Noise can cause the sleeper to awaken repeatedly and to report poor sleep quality the next day, but noise can also produce reactions of which the individual is unaware. These reactions include changes from heavier to lighter stages of sleep, reductions in "rapid eye movement" (REM) sleep, increases in body movements during the night, changes in cardiovascular responses, and mood changes and performance decrements the next day. The accuracy and efficiency with which these effects are measured has been greatly assisted by the use of contemporary computers. The most popular measurement tool nowadays is electro-encephalography, but other methods, such as
Noise is one of the most common forms of sleep disturbance, and sleep disturbance is a critical component of noise-related annoyance. A study used by EPA in preparing the Levels Document showed that sleep interference was the most frequently cited activity disrupted by surface vehicle noise (BBN, 1971). Aircraft none can also cause sleep disruption, especially in recent years with the escalation of nighttime operations by the air cargo industry. When sleep disruption becomes chronic, its adverse effects on health and well-being are well-known.
Noise can disrupt face-to-face and telephone conversation, and the enjoyment of radio and television in the home. It can also disrupt effective communication between teachers and pupils in schools, and can cause fatigue and vocal strain in those who need to communicate in spite of the noise. Interference with communication has proved to be one of the most important components of noise-related annoyance (EPA, 1974a).
For example, elementary school children on the side of a school facing train tracks. performed more poorly on a reading achievement test than children in classrooms on the quiet side of the school (Bronzaft and McCarthy,:1975).(14) Cohen and Weinstein also discuss research showing that skills, such as auditory discrimination and reading achievement can be adversely affected when children live in noisy circumstances, even though their schools may be no noisier than average. These latter studies indicate that interference with communication in the classroom is not the only process at work here. Possible additional explanations include adverse effects on children's information processing strategies and their feelings of personal control (15) (Cohen and Weinstein, 1981).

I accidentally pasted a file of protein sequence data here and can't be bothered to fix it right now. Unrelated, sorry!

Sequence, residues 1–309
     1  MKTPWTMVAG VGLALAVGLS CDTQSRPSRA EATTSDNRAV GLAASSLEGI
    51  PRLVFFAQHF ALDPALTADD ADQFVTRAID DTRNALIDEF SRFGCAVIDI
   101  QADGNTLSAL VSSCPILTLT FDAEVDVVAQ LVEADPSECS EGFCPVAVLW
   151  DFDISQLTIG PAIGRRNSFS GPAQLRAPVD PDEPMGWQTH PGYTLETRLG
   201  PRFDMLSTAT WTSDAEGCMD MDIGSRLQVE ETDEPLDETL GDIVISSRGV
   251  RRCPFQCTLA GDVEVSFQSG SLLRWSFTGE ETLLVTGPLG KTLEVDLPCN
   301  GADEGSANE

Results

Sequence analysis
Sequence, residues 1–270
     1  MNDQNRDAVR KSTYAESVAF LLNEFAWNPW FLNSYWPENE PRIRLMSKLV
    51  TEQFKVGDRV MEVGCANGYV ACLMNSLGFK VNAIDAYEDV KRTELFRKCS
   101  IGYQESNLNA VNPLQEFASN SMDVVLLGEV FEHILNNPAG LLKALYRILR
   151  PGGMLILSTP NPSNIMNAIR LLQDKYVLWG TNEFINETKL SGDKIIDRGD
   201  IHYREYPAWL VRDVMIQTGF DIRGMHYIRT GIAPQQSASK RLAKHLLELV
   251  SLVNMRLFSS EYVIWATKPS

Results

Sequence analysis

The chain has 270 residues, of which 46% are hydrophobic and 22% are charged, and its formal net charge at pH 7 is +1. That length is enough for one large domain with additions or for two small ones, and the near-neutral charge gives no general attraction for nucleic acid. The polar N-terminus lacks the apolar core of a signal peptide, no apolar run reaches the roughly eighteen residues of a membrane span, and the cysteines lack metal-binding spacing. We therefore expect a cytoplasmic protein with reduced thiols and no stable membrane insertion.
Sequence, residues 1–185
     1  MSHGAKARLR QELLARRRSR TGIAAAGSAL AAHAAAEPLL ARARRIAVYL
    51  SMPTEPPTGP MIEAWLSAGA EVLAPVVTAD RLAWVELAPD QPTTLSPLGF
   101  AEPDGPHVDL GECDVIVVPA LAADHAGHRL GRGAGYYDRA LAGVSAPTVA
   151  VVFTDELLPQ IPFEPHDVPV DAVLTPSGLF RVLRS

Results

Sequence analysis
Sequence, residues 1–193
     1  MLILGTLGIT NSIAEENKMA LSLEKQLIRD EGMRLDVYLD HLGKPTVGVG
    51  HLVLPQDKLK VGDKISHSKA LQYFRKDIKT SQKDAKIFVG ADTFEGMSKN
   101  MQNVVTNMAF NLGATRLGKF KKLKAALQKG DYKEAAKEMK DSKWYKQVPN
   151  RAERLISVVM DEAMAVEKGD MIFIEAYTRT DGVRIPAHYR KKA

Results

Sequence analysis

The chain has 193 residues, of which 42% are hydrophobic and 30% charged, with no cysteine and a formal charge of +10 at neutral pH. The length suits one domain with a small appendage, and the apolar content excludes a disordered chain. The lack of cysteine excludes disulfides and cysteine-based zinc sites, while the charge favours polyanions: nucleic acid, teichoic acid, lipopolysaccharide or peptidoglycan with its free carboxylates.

The most effective way to control these problems is through a system of “Signal Control Timings.” The new AUSCI (Adaptive Urban Street Control and Integration) technology automatically adjusts traffic signal timing based on actual traffic flow conditions....
The effects of noise are seldom catastrophic, and are often only transitory, but adverse effects can be cumulative with prolonged or repeated exposure. Although it often causes discomfort and sometimes pain, noise does not cause ears to bleed and noise-induced hearing loss usually takes years to develop. Noise-induced hearing loss can indeed impair the quality of life, through a reduction in the ability to hear important sounds and to communicate with family and friends. Some of the other effects of noise, such as sleep disruption, the masking of speech and television, and the inability to enjoy one's property or leisure time also impair the quality of life. In addition, noise can interfere with the teaching and learning process, disrupt the performance of certain tasks, and increase the incidence of antisocial behavior. There is also some evidence that it can adversely affect general health and well-being in the same manner as chronic stress. These effects will be discussed in more detail in the paragraphs below.